The Texas Supreme Court heard arguments this week in a case that could have significant implications on the Texas franchise tax.
Nestle USA and two Texas-based companies, Switchplace LLC and NSMBA Relators, sued the State of Texas arguing the Texas franchise tax is unconstitutional. The franchise tax charges one-half of one percent to wholesalers, but a full one percent to businesses engaged in manufacturing. The plaintiffs claim this distinction violates the Texas Constitution’s requirement that taxes be levied in an “equal and uniform” manner, as well as the U.S. Constitution’s equal-protection and due-process protections.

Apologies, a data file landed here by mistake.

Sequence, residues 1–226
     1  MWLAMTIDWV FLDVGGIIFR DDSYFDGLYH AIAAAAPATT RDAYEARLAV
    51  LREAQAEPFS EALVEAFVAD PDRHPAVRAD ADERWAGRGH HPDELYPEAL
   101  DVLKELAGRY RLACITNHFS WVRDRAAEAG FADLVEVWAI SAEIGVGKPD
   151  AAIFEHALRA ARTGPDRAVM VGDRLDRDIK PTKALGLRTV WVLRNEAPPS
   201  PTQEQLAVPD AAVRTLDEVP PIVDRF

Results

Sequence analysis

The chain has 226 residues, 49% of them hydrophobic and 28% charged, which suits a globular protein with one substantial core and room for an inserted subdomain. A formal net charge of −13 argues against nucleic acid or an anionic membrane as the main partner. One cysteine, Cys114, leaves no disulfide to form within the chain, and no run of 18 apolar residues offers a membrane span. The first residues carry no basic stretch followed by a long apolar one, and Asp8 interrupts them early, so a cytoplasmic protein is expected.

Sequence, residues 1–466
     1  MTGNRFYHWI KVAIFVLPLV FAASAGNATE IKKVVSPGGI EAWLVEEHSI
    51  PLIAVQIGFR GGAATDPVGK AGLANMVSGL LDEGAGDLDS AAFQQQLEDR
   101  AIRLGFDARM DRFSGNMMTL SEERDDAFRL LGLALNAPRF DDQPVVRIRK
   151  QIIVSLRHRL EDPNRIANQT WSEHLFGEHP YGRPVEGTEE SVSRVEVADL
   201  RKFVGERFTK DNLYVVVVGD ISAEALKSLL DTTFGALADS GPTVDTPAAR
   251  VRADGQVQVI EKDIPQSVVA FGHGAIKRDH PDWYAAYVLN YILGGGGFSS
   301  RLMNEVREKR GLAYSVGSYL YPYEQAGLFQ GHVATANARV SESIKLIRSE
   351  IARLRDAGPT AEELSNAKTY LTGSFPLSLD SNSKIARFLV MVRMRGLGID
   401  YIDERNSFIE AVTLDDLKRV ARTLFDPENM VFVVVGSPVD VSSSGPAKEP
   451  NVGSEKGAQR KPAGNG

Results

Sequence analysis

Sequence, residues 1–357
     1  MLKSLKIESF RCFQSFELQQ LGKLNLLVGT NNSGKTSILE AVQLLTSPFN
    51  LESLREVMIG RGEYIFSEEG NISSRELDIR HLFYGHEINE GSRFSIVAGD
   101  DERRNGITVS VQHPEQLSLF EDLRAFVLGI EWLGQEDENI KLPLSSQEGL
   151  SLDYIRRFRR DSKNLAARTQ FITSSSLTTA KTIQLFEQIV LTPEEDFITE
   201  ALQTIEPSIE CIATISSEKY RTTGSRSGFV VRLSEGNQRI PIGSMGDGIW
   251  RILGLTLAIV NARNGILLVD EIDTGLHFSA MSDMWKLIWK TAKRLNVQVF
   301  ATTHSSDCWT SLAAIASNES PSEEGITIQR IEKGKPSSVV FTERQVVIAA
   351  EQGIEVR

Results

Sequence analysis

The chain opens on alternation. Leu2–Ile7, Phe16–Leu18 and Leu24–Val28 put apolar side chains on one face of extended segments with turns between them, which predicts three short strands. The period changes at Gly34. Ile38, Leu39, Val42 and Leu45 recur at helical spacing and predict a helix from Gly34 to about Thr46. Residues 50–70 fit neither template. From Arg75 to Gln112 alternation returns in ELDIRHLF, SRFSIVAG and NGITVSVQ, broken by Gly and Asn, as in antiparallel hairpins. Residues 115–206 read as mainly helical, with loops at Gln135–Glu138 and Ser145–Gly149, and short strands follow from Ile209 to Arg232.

The state of Texas argued that taxpayers can be classified differently as long as it’s done reasonably and that the Texas Constitution allows the creation of separate classifications for tax purposes.
Texas has had a version of the franchise tax since the 19th century. Texas lawmakers revised the franchise tax in 2006, expanding the kinds of businesses subject to the tax. In the first two years after the revision, the tax brought in nearly $ 9 billion.